Also note, that

  • not all layers need an associated date in order to use that information. Check out the example Human vs modeled: the date information is only available for one specific layer – check Label deposition date
  • if only a few layers are labeled with their date tags, it can improve the alignment to untick the checkbox “Apply a layer weighting scheme for preferential layer matching”.
  • aligning profiles from the same location at different dates requires at least a few known layer dates in order to yield meaningful results. An alignment that is purely based on grain type and hardness usually breaks down after a new storm snow undergoes some sort of metamorphosis.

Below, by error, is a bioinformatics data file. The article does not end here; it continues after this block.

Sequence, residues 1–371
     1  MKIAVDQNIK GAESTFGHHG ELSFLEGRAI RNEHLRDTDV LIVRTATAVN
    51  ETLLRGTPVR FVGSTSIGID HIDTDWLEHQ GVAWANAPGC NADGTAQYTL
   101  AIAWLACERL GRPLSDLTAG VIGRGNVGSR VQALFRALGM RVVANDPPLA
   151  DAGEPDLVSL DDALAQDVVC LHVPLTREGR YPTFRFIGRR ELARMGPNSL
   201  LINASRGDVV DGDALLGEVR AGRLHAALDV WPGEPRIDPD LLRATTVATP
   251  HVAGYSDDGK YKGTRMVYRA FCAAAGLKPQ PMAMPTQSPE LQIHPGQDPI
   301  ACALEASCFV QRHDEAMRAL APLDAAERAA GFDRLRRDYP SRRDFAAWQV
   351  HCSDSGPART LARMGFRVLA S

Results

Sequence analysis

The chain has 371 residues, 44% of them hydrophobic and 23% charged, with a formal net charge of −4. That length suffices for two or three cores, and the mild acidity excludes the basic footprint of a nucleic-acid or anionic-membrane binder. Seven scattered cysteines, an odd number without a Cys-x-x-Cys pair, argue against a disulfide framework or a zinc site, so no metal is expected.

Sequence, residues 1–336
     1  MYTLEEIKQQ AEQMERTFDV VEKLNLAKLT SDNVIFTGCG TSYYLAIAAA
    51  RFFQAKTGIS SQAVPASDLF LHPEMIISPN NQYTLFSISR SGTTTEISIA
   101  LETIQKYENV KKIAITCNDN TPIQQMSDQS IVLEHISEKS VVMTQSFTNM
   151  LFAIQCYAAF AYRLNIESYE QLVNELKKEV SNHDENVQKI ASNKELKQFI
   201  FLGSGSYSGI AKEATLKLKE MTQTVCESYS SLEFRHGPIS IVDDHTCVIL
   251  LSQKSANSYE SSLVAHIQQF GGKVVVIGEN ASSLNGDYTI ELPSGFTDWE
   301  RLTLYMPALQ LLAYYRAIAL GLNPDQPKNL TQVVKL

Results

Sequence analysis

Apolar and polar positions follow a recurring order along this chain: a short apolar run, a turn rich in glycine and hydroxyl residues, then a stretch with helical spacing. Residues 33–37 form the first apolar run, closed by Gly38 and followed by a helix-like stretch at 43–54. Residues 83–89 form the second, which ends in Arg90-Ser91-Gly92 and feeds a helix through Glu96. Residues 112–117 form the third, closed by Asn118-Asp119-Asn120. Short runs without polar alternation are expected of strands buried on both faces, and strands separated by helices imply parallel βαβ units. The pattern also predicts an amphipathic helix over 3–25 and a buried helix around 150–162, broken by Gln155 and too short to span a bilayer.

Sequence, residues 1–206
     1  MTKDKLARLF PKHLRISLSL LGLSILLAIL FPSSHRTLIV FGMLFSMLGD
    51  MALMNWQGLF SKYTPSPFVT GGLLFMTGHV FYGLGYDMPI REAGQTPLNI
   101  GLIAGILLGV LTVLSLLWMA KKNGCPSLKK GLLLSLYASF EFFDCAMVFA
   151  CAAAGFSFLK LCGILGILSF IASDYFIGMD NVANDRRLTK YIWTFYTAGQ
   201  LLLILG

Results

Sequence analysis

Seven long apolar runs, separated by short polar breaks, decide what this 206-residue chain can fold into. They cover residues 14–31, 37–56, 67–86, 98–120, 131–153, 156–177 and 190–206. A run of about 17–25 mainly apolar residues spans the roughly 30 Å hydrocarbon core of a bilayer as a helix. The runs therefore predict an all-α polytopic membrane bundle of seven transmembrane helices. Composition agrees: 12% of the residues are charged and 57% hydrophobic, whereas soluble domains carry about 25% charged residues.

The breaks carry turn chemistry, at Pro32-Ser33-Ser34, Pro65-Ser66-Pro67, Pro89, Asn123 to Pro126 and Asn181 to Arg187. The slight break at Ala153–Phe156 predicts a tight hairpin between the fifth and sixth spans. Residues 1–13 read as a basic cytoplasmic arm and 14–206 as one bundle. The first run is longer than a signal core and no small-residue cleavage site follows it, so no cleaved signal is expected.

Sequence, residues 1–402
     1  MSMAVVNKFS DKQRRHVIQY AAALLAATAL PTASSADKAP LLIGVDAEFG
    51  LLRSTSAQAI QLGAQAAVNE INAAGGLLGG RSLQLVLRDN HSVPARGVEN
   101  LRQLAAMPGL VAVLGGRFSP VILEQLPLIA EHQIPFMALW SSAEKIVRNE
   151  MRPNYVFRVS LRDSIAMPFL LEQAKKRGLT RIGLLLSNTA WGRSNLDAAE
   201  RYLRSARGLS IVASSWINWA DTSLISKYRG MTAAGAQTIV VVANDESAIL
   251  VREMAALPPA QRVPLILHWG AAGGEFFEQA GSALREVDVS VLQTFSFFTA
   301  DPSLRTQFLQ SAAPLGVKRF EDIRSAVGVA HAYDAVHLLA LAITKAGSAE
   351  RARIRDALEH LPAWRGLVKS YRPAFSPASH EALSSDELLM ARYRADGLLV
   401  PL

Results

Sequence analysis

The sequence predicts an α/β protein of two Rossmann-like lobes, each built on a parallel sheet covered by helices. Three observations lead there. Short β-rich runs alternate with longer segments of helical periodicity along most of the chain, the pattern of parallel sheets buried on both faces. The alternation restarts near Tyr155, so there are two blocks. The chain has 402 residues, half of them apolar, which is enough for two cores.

• the similarity measure can not be used to find the best alignment configuration as soon as date information is included in the calculation of the alignment.


For any questions about the snow profile alignment app and its application, please contact Florian Herla at florian_herla@sfu.ca.